Life in lockdown continues to entertain, if only somewhat sparingly. Trapped in a moment of unexpected temperance, trips to the Two Chairmen have been substituted for occasional forays into gardens, only interrupted by half hourly trips to the front door to pick up another parcel from a masked hero. And treaties. Lots of treaties.
For anyone following along for the plague based updates, the Secondary Legislation Scrutiny Committee have updated their list of Statutory Instruments (subject to parliamentary procedure) being laid to tackle the coronavirus pandemic. What had been links to legislation pages from The National Archives, are now links to Statutory Instrument service pages. Which in turn link out to TNA. So nothing is lost and important parliamentary context is gained. Top work, Journal Office Jane and Committee Assistant Louise.
Last week we reported we’d been poking around the treaty procedure map, raking over soil to prepare the ground for a new House of Lords committee dedicated to scrutinising all things treatyish. The committee finally having a name - not to mention an acronym - helped matters enormously. Librarian Jayne and Michael created a temporary map with the new EU International Agreements Sub-Committee. Thankfully to be known as IAC for short. EUIASC sounding more like a sneeze. This was passed to our resident treaty and committee experts who, following a little to-ing and indeed fro-ing, signed off on our scribbles. Thanks Dominique, Jane, Alex and Ed. As of Thursday, both treaty procedure maps and data feature new steps for committee allocation and for the publishing of information by both the new Committee and the EU Select Committee. Together with a whole bunch of new routes adding the usual plethora of preclusions and allows. The same conversation revealed that a treaty having been allocated to a committee did not explicitly prevent its reallocation to another committee at some undetermined point in the future. So Jayne and Michael also removed a quantity of preclusion routes from between allocation steps, which at least should help to preserve what little remains of their eyesight. The treaty map now uses dotted lines to denote deprecated routes - we are as yet unable to reflect this in the data and await the addition of start and end dates to routes. So, at least for now, the maps the machines draw are a little messier than they might ideally be.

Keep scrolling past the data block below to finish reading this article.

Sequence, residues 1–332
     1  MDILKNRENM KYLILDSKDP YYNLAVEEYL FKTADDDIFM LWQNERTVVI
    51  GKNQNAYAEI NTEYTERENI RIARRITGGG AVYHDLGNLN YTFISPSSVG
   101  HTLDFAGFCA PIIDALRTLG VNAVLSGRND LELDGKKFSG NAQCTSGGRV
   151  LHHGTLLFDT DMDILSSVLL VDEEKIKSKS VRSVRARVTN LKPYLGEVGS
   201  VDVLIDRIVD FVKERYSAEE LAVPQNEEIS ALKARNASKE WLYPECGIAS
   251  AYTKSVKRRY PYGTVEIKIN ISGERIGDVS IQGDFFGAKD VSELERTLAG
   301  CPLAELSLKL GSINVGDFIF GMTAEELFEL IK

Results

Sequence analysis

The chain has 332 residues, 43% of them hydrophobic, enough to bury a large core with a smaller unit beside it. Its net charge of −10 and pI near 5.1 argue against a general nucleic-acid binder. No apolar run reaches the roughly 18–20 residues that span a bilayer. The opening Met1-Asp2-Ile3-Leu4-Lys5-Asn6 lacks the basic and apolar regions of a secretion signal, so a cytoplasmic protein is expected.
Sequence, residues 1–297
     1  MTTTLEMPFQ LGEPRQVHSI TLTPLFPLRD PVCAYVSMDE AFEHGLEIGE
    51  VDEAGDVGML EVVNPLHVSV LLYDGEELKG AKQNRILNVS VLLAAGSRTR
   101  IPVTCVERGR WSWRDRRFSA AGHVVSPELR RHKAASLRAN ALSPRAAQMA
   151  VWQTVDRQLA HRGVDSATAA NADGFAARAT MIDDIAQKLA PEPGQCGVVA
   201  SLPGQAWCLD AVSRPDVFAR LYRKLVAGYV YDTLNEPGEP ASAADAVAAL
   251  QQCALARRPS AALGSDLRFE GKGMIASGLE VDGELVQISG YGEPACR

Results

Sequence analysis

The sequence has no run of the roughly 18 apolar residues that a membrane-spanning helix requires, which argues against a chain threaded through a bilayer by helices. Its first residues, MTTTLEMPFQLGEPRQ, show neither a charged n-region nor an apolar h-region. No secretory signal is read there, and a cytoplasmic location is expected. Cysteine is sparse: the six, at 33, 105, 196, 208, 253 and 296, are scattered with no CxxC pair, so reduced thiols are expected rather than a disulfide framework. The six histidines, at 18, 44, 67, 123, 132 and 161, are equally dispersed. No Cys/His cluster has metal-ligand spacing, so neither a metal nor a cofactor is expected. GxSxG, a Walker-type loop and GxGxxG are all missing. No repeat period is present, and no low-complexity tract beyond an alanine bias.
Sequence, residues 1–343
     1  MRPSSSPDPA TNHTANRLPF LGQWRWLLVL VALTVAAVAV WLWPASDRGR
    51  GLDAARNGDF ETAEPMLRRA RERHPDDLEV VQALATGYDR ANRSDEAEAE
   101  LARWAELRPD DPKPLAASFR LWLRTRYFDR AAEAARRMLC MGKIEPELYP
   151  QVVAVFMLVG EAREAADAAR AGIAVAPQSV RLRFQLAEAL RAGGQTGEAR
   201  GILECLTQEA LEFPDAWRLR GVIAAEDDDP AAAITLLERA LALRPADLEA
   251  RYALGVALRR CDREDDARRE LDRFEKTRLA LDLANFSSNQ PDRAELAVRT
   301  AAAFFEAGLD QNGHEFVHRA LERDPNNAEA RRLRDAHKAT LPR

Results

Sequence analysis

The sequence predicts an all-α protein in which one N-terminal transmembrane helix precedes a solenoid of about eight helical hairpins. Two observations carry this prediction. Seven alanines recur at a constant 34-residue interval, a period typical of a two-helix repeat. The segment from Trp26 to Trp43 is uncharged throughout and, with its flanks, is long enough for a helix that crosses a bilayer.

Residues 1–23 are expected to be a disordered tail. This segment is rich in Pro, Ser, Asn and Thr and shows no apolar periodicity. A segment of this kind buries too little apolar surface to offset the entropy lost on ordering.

Still on the subject of treaties, Jane raised the question of whether the step ‘government statement that section 20 does not apply’ should appear in a procedure primarily based on the Constitutional Reform and Governance Act 2010. The statement being a way for the government to say CRAG does not actually apply. After consulting both Dominique and Alex, the conclusion was reached that - although unlikely - it could be possible for the government to lay a treaty under CRAG and then decide that CRAG was not in fact applicable. So retaining this step provides a useful escape hatch here. Sometimes not making changes is also work.
Whilst sense checking the new treaty map, Jane questioned why the steps for government statements to extend the first bicameral objection period were unconnected to the clock steps which cover this period. Via the mediums of telephone and Omnigraffle, Jayne and Michael shifted some lines around and came to the conclusion that what was needed here was a brand new clock for an extended objection period A. Government statement steps now cause this new clock to start, which precludes the original clock from stopping and the end of the extended objection period introduces a whole new slew of preclusion routes. After sign off from Jane, this is also now in both map and data.
Back over in SI land, Jayne has finally finished tidying draft affirmative data in the wake of recent changes. We had been capturing various bits of data around when drafts got made, but decided our records should reflect the state the SI was in when it made its way through Parliament. So Jayne has spent rather too long tearing out hairs and ripping out data. Still, all is neat and tidy now.
Jayne has also been slaving away on converting her procedural SPARQL query library - where step labels were once used, step IDs are now in place. This means we can safely update how we label steps without fear that we might accidentally break queries. We’ve said it before and we’ll no doubt say it again: given a choice between strings and identified things, we’d go with things every time.
Robert and Michael have continued chipping away at calcified ontology comments. As Michelangelo might once have said, “every block of stone has a statue inside it and it is the task of the sculptor to discover it.” In fairness no masterpiece has yet revealed itself, and yet they proceed in the belief that if they just keep hitting the damned thing with spanners, it can only improve. Last week saw their delicate hands and tiny chisels turn to the treaty ontology, which they then passed round our usual treaty channels in the hope of comments and possibly a light pat on the head. Fortunately Arabella got in touch, a phone call followed and Michael and Robert learned that the in forceness of a treaty is somewhat more complicated than the model allowed for. And probably something that sits well outside the bounded context of Parliament and firmly in the hands of the FCO. So Robert and Michael placed their tails between their legs, chopped off a couple of limbs from the model and started afresh. What’s currently online is probably a little more the work of a modern Prometheus than a Phidias. But then there is always next week.